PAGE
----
TOKYO -- Toshiba said Thursday that China's ENN Ecological Holdings intends to terminate the purchase of its liquefied natural gas business in the U.S., further clouding the Japanese company's restructuring plan.
The private Chinese gas supplier informed Toshiba on Wednesday night, citing "considerable uncertainty in proceeding" with the deal given the delays in obtaining approval from U.S and Chinese authorities. Toshiba said that official documentary notice to terminate the sales agreement must still be given.
The deal was scheduled for completion at the end of March. But the Committee on Foreign Investment in the U.S. has not conducted its review due to the recent government shutdown, and China's State Administration of Foreign Exchange has yet to grant its approval.
Toshiba said in February that it expects consolidated net profit for the year ended in March to climb 8% to 870 billion yen ($7.83 billion), including a provision for a roughly 93 billion yen loss related to its LNG sale. The LNG operation's impact on earnings will have to be reevaluated now that the loss is unlikely to be booked without the sale, the company said.
The LNG business remains on the auction block, since retaining it could generate an even greater loss for Toshiba in the future. But the complications in reaching a deal with ENN suggest that securing another buyer will be difficult.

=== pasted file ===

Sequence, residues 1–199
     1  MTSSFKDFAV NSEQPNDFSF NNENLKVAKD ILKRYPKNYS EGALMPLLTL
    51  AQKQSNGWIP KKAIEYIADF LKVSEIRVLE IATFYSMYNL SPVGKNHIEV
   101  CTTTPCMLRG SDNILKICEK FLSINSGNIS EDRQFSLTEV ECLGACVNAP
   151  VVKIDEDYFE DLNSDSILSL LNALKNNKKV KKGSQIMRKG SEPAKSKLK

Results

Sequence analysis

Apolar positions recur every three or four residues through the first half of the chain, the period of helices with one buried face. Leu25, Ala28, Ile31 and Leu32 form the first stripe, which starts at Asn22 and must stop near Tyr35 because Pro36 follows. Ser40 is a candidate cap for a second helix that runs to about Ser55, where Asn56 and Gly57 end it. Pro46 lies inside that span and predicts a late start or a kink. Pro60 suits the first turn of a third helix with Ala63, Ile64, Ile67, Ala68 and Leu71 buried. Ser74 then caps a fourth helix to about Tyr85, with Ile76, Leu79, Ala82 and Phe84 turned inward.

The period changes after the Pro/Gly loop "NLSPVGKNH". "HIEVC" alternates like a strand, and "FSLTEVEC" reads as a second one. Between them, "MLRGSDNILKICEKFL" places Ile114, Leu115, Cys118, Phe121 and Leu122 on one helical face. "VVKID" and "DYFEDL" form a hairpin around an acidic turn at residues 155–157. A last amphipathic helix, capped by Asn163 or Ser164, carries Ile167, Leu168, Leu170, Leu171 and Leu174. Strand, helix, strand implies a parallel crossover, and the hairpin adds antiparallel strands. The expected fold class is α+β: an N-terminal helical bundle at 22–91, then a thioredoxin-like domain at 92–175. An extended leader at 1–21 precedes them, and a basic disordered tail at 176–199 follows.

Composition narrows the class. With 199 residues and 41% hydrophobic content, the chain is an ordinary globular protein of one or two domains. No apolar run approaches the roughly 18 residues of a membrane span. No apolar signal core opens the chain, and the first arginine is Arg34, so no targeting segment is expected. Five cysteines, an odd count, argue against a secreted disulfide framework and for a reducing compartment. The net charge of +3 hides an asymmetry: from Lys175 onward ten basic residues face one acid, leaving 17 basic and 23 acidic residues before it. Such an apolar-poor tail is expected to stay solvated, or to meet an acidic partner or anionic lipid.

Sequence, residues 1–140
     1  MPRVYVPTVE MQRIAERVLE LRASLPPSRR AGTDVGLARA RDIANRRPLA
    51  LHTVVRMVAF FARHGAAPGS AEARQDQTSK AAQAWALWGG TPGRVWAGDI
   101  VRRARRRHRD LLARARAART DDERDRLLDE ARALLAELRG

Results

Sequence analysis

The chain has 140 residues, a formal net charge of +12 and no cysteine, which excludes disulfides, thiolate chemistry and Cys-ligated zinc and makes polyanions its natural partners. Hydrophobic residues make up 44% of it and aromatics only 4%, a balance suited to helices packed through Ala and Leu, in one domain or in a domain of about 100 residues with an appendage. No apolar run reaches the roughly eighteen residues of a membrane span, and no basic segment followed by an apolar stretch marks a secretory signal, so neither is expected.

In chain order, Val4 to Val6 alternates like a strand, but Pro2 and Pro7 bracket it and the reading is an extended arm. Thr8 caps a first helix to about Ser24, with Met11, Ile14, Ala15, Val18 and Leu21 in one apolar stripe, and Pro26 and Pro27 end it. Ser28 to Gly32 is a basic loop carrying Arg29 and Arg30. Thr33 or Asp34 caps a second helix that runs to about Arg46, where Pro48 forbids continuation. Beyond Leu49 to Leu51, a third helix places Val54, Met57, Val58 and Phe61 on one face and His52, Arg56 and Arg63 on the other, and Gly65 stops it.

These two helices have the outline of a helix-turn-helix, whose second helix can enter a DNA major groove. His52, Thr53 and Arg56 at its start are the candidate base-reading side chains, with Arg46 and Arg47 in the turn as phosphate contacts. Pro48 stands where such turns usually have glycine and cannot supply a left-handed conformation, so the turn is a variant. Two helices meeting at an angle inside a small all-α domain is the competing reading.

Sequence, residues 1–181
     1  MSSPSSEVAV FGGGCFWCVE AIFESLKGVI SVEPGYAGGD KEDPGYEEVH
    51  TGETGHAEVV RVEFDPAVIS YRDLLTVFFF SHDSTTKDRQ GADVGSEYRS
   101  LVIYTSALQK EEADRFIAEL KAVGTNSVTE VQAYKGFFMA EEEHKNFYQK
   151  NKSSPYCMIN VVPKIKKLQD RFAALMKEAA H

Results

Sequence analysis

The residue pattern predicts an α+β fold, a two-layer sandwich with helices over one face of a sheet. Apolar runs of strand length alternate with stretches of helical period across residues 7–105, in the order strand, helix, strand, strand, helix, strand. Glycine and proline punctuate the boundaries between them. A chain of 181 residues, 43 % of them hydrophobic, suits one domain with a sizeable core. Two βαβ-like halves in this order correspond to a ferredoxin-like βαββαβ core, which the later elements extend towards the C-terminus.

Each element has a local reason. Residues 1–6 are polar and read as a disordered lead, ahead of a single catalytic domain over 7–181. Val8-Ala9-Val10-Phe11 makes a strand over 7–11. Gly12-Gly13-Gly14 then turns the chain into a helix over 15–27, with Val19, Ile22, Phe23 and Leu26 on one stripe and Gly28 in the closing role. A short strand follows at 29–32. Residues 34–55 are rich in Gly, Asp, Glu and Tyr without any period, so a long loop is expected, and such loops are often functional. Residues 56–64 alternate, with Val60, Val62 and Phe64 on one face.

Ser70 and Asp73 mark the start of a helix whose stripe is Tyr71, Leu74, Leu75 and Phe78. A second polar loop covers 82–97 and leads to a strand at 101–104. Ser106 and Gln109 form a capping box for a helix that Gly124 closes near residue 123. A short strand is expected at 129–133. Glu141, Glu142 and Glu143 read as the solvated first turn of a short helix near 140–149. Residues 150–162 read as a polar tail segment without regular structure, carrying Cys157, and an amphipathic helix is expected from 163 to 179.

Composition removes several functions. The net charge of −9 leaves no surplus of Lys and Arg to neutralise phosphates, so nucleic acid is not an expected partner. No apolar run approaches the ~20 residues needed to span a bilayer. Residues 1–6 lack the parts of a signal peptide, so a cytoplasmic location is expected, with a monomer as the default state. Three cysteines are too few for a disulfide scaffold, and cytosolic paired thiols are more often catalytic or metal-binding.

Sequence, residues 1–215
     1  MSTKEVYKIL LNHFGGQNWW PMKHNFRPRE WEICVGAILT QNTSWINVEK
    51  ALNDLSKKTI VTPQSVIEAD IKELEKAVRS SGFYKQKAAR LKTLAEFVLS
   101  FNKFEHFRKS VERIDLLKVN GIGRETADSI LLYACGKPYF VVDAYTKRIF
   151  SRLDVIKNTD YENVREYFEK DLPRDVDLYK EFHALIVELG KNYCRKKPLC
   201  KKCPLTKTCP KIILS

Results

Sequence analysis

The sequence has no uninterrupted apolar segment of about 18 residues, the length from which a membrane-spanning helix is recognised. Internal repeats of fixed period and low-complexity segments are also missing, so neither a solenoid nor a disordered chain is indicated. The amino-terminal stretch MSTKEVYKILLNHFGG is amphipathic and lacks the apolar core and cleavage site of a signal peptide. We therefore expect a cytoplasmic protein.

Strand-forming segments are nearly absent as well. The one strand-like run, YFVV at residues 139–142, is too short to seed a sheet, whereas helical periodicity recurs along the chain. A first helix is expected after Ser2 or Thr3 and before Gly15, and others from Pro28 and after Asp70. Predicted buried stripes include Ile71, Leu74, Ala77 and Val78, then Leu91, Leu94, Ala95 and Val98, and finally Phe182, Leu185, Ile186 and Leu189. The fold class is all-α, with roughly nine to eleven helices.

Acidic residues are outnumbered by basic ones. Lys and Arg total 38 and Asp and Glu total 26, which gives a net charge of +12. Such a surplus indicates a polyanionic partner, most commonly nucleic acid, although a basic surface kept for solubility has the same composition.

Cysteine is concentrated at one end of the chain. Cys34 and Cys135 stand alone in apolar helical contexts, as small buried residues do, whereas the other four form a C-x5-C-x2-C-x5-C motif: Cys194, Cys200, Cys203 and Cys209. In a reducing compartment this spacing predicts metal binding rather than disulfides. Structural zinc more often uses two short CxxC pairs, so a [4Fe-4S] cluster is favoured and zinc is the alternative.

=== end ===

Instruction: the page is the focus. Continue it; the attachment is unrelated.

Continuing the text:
Toshiba entered the American LNG market in 2013, aiming to pair sales of the fuel and power generation equipment using electricity from a nuclear power facility it had planned to build at the time. The company acquired concessions to process 2.2 million tons of Texas shale gas into LNG annually over 20 years starting in 2020.
But the business is far from Toshiba's strengths in electronics and machinery, while also carrying risks such as price fluctuations. Should it fail to sell any gas, the company could face a loss of up to 1 trillion yen without a sale of the operation.
Toshiba decided to sell its LNG business after falling into a financial crisis, stemming from losses in U.S. nuclear power operations and an accounting scandal, that forced the company to restructure. Potential buyers emerged, including American gas company Tellurian, but negotiations eventually broke down.
The Japanese conglomerate appeared to find its exit in November by agreeing to a deal with ENN. Having found a buyer for its LNG business, which the stock market considers Toshiba's final baggage, the company released its midterm management plan for the period beginning in April.